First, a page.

Every year at this time of holiday cheer, we read articles in the newspapers and magazines about heart disease. I find these articles extremely interesting because some holiday articles warn against shrugging off chest pain, forgetting or skipping medications, eating heavy meals, too much salt, too much alcohol and too much fatty foods with high cholesterol, sugar and hydrogenated ingredients. How would you like to be more positive by joining a program called the Heart Series program, which will give you the tools to change your lifestyle and save your heart?

My name is Richy Feinberg. I was born on the Lower Eastside of Manhattan 80 years ago. My mother was a heavy woman and one of her greatest pleasures was eating out. At 15 years old, I had eaten an unbelievable variety of food that my mother served, such as ham, sausage, liver, lamb chops, veal cutlet, bacon and eggs, meat balls, and fresh kosher chicken plucked from a store down the block. 

On the morning of my 50th birthday, I told my wife that I’m going to start to take better care of my self because I wanted to live longer and healthier, so I threw out my weed and my cigarettes and stopped smoking them cold turkey. I took vitamins, stopped eating eggs, less meat and worked out. I thought that was enough. 

In 1998, I had a heart attack. A week later, I had quadruple bypass surgery and two months later, I had another heart attack. So that’s why articles concerning heart disease on holidays capture my attention. The 21-year-old Heart Series program is led by Dr. Charles Katzenberg, a cardiologist and professor of medicine at the University of Arizona Sarver Heart Center and Edna Silva, R.N., a cardiac rehabilitation nurse and founder of the T’ai Center of Tucson. The Heart Series is operated through the non-profit Foundation for Cardiovascular Health and is Arizona’s first intensive cardiac rehabilitation program.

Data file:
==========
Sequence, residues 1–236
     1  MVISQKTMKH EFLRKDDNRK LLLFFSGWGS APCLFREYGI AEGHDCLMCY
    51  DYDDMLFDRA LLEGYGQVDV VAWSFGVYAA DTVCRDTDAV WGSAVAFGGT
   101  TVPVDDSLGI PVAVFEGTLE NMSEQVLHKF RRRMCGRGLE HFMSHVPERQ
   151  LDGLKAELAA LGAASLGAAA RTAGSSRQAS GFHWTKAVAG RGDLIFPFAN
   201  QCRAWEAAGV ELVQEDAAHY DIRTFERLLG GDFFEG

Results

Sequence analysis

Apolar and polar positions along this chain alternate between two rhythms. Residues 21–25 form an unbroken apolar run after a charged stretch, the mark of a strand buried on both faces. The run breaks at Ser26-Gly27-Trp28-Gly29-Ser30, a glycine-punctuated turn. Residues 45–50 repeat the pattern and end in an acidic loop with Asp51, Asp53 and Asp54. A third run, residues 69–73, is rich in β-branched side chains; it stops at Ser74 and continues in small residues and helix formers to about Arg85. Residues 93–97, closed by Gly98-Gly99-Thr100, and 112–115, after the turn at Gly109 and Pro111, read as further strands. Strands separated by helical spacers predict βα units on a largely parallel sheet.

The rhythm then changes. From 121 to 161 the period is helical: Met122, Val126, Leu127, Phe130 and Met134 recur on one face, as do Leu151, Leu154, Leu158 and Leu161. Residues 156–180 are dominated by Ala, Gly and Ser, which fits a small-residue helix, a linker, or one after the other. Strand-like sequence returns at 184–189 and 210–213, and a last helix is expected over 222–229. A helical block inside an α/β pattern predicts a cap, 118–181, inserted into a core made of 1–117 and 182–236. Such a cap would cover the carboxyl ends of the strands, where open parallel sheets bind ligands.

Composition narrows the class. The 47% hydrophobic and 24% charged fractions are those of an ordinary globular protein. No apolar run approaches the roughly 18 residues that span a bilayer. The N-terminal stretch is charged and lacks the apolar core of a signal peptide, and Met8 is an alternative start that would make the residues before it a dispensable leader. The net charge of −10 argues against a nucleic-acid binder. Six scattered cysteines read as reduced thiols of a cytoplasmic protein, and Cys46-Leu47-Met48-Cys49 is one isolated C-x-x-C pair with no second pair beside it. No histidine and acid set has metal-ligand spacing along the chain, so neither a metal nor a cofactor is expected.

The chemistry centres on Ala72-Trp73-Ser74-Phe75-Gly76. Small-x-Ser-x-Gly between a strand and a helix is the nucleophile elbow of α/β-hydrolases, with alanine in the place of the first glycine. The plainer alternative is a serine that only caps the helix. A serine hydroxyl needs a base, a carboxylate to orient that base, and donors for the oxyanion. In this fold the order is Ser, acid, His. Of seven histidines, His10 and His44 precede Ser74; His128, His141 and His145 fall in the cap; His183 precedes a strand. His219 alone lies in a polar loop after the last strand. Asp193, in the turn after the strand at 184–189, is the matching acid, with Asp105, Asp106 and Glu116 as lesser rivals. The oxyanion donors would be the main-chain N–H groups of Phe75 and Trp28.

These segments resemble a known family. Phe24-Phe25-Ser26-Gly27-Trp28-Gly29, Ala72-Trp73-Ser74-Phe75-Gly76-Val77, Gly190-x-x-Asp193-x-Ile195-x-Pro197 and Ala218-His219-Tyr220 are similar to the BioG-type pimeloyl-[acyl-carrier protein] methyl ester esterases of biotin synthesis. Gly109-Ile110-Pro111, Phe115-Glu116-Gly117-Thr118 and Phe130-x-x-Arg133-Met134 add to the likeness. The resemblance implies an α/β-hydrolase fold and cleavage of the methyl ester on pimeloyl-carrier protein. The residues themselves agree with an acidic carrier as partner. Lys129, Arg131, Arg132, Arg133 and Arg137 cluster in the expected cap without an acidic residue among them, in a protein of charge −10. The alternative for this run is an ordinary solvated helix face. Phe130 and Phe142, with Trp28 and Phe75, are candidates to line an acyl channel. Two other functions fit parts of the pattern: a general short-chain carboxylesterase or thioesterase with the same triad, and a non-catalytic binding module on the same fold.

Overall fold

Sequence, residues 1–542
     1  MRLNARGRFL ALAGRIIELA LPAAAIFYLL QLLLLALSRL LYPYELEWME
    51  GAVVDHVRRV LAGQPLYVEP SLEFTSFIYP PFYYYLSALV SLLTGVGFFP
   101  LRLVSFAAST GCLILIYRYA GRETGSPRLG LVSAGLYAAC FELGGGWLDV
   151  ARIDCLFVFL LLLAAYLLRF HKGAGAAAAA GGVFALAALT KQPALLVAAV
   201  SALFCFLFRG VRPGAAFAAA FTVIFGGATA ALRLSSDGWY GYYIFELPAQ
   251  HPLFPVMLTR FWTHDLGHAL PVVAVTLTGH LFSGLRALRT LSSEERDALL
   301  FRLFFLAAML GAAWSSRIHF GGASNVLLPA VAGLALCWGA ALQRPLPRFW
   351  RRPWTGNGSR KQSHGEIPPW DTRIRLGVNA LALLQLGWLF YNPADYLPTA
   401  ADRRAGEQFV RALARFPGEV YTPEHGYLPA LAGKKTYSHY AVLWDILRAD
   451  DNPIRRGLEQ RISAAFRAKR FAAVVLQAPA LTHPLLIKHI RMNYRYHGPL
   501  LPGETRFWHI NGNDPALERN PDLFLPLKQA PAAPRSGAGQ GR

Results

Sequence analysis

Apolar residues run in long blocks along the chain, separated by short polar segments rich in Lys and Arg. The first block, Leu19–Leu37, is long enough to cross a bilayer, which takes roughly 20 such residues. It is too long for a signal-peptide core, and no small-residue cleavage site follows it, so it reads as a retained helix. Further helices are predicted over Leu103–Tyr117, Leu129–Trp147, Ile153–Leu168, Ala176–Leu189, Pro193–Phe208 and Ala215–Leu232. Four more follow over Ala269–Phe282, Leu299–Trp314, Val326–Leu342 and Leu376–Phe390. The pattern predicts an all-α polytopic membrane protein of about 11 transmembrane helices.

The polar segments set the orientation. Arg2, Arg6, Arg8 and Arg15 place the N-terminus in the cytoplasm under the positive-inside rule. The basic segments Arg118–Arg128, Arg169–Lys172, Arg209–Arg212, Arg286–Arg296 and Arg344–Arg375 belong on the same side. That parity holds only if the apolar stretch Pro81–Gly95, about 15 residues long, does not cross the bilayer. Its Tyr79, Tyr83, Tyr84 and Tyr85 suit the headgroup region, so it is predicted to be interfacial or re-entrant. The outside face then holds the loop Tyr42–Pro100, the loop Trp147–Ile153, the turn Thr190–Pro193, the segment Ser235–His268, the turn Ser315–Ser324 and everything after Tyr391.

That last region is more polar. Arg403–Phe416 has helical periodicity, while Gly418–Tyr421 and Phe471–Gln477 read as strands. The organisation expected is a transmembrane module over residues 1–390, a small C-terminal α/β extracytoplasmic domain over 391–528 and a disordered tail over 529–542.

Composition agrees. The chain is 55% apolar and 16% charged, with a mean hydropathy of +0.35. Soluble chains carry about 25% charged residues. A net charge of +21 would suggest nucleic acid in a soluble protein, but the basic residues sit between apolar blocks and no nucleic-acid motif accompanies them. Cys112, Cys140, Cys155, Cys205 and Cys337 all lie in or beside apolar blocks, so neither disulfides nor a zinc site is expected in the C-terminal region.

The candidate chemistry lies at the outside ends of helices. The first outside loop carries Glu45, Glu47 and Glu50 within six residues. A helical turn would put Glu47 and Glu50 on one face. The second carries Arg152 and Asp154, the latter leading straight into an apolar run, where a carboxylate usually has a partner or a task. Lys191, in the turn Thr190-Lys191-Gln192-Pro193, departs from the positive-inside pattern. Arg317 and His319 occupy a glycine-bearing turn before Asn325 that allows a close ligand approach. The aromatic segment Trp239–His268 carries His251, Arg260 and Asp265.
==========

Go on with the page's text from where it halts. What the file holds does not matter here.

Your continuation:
The Heart Series was recently selected as the winner in Influential Health and Medical Leaders for Achievement in Wellness Programs.

The aim of the 12-week, program is to improve the quality and length of life by teaching skills that will lead to health and happiness through the prevention and reduction of illness, hospitalization and medications. 

The Heart Series is offered twice each year. Spring sessions begin Feb. 2 and end April 19. Classes are offered from 4 to 7 p.m. Tuesdays. The cost is $300 per individual or $500 per couple.

Space is limited. For information, call Richy Feinberg, at 797-2281 or visit

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